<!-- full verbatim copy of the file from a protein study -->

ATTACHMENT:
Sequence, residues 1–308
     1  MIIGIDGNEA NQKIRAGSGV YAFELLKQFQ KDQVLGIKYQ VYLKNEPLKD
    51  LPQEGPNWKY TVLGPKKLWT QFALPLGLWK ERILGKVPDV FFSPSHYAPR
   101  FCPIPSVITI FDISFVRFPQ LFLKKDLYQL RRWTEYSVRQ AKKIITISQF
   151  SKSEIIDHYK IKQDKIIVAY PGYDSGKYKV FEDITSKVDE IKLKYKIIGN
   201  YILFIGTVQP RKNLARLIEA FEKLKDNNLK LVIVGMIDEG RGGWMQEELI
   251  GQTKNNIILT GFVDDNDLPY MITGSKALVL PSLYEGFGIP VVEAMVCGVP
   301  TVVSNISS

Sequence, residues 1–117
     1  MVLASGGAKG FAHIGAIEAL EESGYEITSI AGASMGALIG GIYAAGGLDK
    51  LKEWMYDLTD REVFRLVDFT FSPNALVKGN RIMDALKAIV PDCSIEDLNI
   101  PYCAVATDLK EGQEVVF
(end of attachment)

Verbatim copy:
Sequence, residues 1–308
     1  MIIGIDGNEA NQKIRAGSGV YAFELLKQFQ KDQVLGIKYQ VYLKNEPLKD
    51  LPQEGPNWKY TVLGPKKLWT QFALPLGLWK ERILGKVPDV FFSPSHYAPR
   101  FCPIPSVITI FDISFVRFPQ LFLKKDLYQL RRWTEYSVRQ AKKIITISQF
   151  SKSEIIDHYK IKQDKIIVAY PGYDSGKYKV FEDITSKVDE IKLKYKIIGN
   201  YILFIGTVQP RKNLARLIEA FEKLKDNNLK LVIVGMIDEG RGGWMQEELI
   251  GQTKNNIILT GFVDDNDLPY MITGSKALVL PSLYEGFGIP VVEAMVCGVP
   301  TVVSNISS

Sequence, residues 1–117
     1  MVLASGGAKG FAHIGAIEAL EESGYEITSI AGASMGALIG GIYAAGGLDK
    51  LKEWMYDLTD REVFRLVDFT FSPNALVKGN RIMDALKAIV PDCSIEDLNI
   101  PYCAVATDLK EGQEVVF